Van Life: Noami Grevemberg
Noami Grevemberg and her partner Dustin (and German Shephard Amara) are the trio behind the vanlife account @irietoaurora, though Noami is decidedly the visionary behind it all. The founder of podcast Nomads at the Intersectionand the platform Diversify Vanlife, Noami has channeled her passion for traveling into advocating and creating space for BIPOC and other marginalized groups within the nomad community.
Name: Noami Grevemberg
Vehicle type: 1985 Volkswagen Vanagon
Time spent in van: 5 years
Hometown: Guayaguayare Village, Trinidad, West Indies; Homebase: New Orleans
Average monthly expenses: It varies depending on how slow we travel.
What made you decide to move into a van?
Noami: When Dustin and I first met, we talked about the idea of traveling the country in a van and visiting all the national parks. Nearly 5 years later, we decided to reevaluate our life's trajectory and dig up that old dream. At the time we didn’t know #vanlife was a thing, we only discovered it when we started preparing for life on the road. Turns out, it was a full-blown movement.
What were you doing before that?
Noami: Before vanlife I was an environmental scientist working in the Gulf coast region. While I loved the opportunity to work in the field—in the swamps and marshes of Louisiana—the job also came with the typical bureaucracy and office politics. Eventually, I listened to that little voice inside me crying out for more. That's when my partner and I chose to embrace a life of travel.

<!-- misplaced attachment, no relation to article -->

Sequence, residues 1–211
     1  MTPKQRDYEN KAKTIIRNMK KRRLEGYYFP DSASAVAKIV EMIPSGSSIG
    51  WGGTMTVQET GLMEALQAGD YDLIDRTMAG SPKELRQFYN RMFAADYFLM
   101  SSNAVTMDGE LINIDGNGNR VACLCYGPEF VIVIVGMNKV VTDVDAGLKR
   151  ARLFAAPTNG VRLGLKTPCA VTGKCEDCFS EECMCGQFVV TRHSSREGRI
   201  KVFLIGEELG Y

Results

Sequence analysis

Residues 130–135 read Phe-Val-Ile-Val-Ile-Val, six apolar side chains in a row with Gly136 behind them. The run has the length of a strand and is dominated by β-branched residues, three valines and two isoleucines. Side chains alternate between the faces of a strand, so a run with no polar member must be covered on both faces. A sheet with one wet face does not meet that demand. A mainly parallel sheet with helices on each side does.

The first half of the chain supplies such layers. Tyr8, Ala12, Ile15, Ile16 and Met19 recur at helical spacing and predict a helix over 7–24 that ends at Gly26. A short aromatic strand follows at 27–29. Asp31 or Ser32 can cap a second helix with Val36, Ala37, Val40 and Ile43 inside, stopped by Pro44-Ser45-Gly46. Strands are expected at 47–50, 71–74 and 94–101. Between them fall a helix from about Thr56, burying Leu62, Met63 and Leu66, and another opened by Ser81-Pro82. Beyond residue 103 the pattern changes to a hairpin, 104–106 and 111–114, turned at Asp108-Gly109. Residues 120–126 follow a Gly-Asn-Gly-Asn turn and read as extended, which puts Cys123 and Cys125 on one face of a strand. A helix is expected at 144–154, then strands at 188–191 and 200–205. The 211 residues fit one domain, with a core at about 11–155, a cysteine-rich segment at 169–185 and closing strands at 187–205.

What was the hardest thing to let go of when making the move from apartment/house to a van?
Noami: The hardest thing was leaving behind an oven and a full kitchen. I love to cook and adjusting to a tiny kitchen was a learning curve. That and my record player.
Where are you living right now?
Noami: We're currently in the van and traveling full-time, so we aren't actually living in one place. Home is wherever we are, home is everywhere.
How do you shower?
Noami: With water... j/k. My typical shower consists of a post-workout bowl shower or a cold dip in a natural water source. We also have a homemade roadshower on our van for emergencies. When we need a full shower (typically once every couple weeks) we utilize public showers in the nearest town or city—gyms, campgrounds/RV parks or truck stops are pretty common.
How do you make a living?
Noami: My partner Dustin and I are digital nomads and we make a living in many different ways. Freelance consulting, social media influencing, and photography & writing are our main sources of income. "Digital nomad" was another term we had never heard before life on the road, so we had to figure it out the hard way, through lots of trial and error. Now, through our website irietoaurora.com we share what we've learned in our 5+ years on the road with vanlife & digital nomad coaching, ebooks and webinars.
What’s something that surprised you about living this lifestyle?